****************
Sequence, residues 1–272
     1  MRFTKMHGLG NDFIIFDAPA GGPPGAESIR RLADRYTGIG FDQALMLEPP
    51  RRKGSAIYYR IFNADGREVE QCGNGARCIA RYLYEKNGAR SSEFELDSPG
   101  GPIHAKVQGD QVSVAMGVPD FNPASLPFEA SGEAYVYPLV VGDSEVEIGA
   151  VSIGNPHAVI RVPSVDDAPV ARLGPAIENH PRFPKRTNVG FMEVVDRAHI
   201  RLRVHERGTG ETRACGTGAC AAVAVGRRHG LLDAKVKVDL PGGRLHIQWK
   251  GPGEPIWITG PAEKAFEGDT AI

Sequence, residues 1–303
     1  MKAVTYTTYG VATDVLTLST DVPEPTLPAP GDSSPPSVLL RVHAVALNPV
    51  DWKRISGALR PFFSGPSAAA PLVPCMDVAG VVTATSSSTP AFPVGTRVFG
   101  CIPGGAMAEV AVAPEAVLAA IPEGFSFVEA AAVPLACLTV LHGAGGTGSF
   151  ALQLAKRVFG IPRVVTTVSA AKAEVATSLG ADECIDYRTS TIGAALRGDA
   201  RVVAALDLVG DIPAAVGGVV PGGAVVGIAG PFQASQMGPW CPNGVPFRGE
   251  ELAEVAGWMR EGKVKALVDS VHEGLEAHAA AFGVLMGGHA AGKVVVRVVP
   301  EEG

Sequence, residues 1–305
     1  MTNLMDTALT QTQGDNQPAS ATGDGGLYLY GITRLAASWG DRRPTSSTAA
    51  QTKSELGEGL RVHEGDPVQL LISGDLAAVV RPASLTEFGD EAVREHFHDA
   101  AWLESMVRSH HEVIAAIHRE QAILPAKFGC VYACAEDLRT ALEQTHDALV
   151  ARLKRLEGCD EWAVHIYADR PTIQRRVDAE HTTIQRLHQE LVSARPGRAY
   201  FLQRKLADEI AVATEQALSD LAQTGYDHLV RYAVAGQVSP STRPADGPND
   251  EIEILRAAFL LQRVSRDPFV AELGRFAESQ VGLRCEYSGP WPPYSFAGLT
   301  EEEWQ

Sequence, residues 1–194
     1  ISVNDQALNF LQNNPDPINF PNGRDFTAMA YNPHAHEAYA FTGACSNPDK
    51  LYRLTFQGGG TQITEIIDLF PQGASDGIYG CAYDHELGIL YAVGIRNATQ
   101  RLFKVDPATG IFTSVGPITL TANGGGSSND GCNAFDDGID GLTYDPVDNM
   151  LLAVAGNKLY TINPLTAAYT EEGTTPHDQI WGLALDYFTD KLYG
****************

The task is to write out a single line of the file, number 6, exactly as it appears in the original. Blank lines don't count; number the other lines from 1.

   201  RLRVHERGTG ETRACGTGAC AAVAVGRRHG LLDAKVKVDL PGGRLHIQWK